100th Boston a triple gem for Pippig Tanui pulls away in men's division

4th straight eludes Ndeti

Milestone field is largest at 38,706

April 16, 1996|By Jere Longman | Jere Longman,NEW YORK TIMES NEWS SERVICE

BOSTON -- Her countrymen ran unchallenged for a 1-2-3 finish, and Tegla Loroupe pulled far ahead of the women's field yesterday as Kenya prepared for a clean sweep of the 100th Boston Marathon. The crowd kept urging on the defending champion, Uta Pippig, screaming "you can catch her," but Pippig did not believe she could win as waves of apparently futile encouragement washed over her.

"What are you saying here?" Pippig remembered about the cheering. "There is such a big gap."

This was shaping up as the most dominant performance ever by Kenya in the marathon. Moses Tanui had won the men's race in 2 hours, 9 minutes, 16 seconds, followed by Ezekiel Bitok (2: 09: 26) and Cosmas Ndeti, who attempted to become the first person to win Boston four times, but finished third in 2: 09: 51 after starting too fast and running out of gas.

In fact, seven Kenyan men finished among the top eight, and Loroupe appeared ready to add Boston to her two victories in the New York City Marathon. Suffering from menstrual cramps and diarrhea, Pippig had fallen back on the infamous, intimidating Heartbreak Hill, trailing Loroupe by 80 yards at Mile 21, by 190 yards at Mile 22 and by 220 yards at Mile 23. Two football fields separated her from first place.

But a marathon covers 26.2 miles, and over that final, finishing stretch, Pippig suddenly felt a surge of energy, as if the throbbing crowds in Boston's Back Bay had begun to carry her along on some invisible current.

Pippig made up a 150-yard gap during Mile 25, rushed past a faltering Loroupe with a mile remaining and drew away to win by 400 yards in 2: 27: 12, in one of the most dramatic finishes ever in a women's marathon. It was a remarkable performance given her discomfort and a persistent head wind.

This was the world's largest marathon, with 38,706 registered runners participating on a cloudless day with temperatures in the mid-50s. In the men's race, Ndeti had guaranteed a fourth consecutive victory, and he set out to break the world record of 2: 06: 50, set in 1988 by Belayneh Dinsamo of Ethiopia.

Kevin Collins of Cicero, N.Y., was the top U.S. finisher, in 31st with an unofficial time of 2: 18: 54. Sharon Stubler of Minnetonka, Minn., also finished 31st, timed unofficially at 2: 42: 34 to lead U.S. women.

Pippig, 30, an eastern German who now lives and trains up to 180 miles a week at altitude in Boulder, Colo., thus became the first woman to win Boston three years in succession since the race relinquished its men's-only status in 1972.

"I never thought I would catch Tegla," Pippig said, adding that the crowd had revitalized her. "It was like we had a connection between us. I just started flying. I never could imagine that I could fly."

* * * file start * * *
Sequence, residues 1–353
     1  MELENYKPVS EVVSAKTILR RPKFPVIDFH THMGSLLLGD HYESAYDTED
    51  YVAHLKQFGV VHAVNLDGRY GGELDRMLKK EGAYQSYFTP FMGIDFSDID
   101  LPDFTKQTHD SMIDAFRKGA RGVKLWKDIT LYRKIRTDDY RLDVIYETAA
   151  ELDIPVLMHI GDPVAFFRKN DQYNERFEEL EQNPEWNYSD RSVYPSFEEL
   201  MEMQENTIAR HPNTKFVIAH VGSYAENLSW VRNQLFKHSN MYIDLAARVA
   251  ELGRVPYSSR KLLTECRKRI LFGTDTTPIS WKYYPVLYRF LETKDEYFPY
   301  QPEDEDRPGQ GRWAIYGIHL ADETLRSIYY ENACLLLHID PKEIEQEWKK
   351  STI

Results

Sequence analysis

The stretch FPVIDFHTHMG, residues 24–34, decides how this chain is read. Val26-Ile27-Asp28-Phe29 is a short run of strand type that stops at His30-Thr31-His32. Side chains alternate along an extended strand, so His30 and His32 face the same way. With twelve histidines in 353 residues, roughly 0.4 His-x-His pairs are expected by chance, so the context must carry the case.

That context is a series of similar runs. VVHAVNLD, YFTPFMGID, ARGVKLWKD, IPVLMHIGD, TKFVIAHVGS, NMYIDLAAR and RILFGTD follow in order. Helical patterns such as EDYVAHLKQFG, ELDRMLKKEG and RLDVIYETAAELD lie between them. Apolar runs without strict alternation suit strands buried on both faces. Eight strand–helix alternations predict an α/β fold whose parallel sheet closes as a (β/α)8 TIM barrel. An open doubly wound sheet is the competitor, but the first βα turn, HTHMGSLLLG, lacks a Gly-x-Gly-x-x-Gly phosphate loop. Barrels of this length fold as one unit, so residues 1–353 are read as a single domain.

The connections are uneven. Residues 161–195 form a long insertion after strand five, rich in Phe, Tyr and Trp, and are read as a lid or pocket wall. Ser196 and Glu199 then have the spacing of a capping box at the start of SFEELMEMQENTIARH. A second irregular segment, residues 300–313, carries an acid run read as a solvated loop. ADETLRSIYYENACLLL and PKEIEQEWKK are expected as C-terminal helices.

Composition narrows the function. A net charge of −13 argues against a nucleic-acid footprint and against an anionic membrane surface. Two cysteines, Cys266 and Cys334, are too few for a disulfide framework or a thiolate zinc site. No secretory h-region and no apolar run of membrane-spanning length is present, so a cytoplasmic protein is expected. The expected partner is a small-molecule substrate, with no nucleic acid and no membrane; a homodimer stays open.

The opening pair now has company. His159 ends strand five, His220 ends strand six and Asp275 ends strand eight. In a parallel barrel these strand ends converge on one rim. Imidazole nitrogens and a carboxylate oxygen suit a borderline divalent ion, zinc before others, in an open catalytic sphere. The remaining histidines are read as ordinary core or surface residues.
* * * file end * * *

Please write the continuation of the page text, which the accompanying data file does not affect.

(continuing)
And if Pippig did not match her course record of 2: 21: 45, this race was impressive because of the difficulties she overcame.

"It's the nicest win of my life," Pippig said. "It's amazing."

The race served as the Kenyan Olympic trials, and when Ndeti went to the front, the other Kenyans went with him. A pack of 18 runners, with Ndeti in the lead, went through 10 kilometers in 29: 27, and he was still on world-record pace at the midway point in 1: 03: 22. But, struggling up Heartbreak Hill in mile 21, Ndeti began to fade. The other Kenyans swept past him.

"I don't think to beat Ndeti is something unusual," said Tanui, 30, the 1991 world champion at 10,000 meters, who will run the shorter event at the Olympics. "This race is not for one person. This race is for everybody."

A 61-year-old Swedish man, identified as Humphrey Siesage of Stockholm, died of an apparent heart attack after finishing. He was treated by paramedics, then whisked by ambulance to Massachusetts General Hospital, where he was pronounced dead at 6: 06 p.m. An autopsy is planned.

The Boston Athletic Association announced that official results will not be made available until today.

Unofficial results

Men

1. Moses Tanui, Kenya, 2: 09: 16; 2. Ezekiel Bitok, Kenya, 2: 09: 26; 3. Cosmas Ndeti, Kenya, 2: 09: 51; 4. Lameck Aguta, Kenya, 2: 10: 03; 5. Sammy Lelei, Kenya, 2: 10: 11; 6. Abebe Mekonnen, Ethiopia, 2: 10: 21; 7. Charles Tangus, Kenya, 2: 10.28; 8. Paul Yego, Kenya, 2: 10.49; 9. Carlos Grisales, Colombia, 2: 11: 17; 10. Stephen Moneghetti, Australia, 2: 11: 17; 11. Luiz Dos Santos, Brazil, 2: 11.49; 12. Gilbert Rutto, Kenya, 2: 12: 29; 13. Andres Espinosa, Mexico, 2: 13: 05; 14. Sammy Maritim, Kenya, 2: 13: 14; 15. Jan Huruk, Poland, 2: 13: 15; 16. Joao Lopes, Portugal, 2: 13: 13; 17. Simon Lopuyet, Kenya, 2: 14: 34; 18. Eric Kimaiyo, Kenya, 2: 14: 37; 19. Andre Luis Ramos, Tanzania, 2: 14: 51; 20. Turbo Tumo, Ethiopia, 2: 14: 59.

DTC Women

1. Uta Pippig, Germany, 2: 27: 12; 2. Tegla Loroupe, Kenya, 2: 28: 37; 3. Nobuko Fujimura, Japan, 2: 29: 24; 4. Sonja Krolik, Germany, 2: 29: 24; 5. Larisa Zouzko, Russia, 2: 31: 06; 6. Franziska Rochat-Moser, Switzerland, 2: 31: 33; 7. Madina Biktagirova, Belgium, 2: 31: 38; 8. Lorraine Moller, New Zealand, 2: 32: 02; 9. Alla Jiliaeva, Russia, 2: 33: 47; 10. Valentina Enaki, Moldova, 2: 33: 58; 11. Marcia Narloch, Brazil, 2: 34: 27; 12. Salina Chirchir, Mexico, 2: 34: 33; 13. Solange Cordeiro, Brazil, 2: 34: 51; 14. Stefanija Statkuviene, Lithuania, 2: 36: 42; 15. Lizanne Bussieres, Canada, 2: 36: 55; 16. Sissel Grottenberg, Norway, 2: 37: 28; 17. Stelia Castro, Colombia, 2: 38: 00; 18. Ai Sugihara, Japan, 2: 38: 50; 19. Eiko Yamazaki, Japan, 2: 38: 52; 20. Ingrid Kristiansen, Norway, 2: 38: 52.

Area finishers

Martin Goode, 2: 57; Mick Slonaker, 3: 05: 16; Joanne Shecter, 5: 34: 11

Pub Date: 4/16/96

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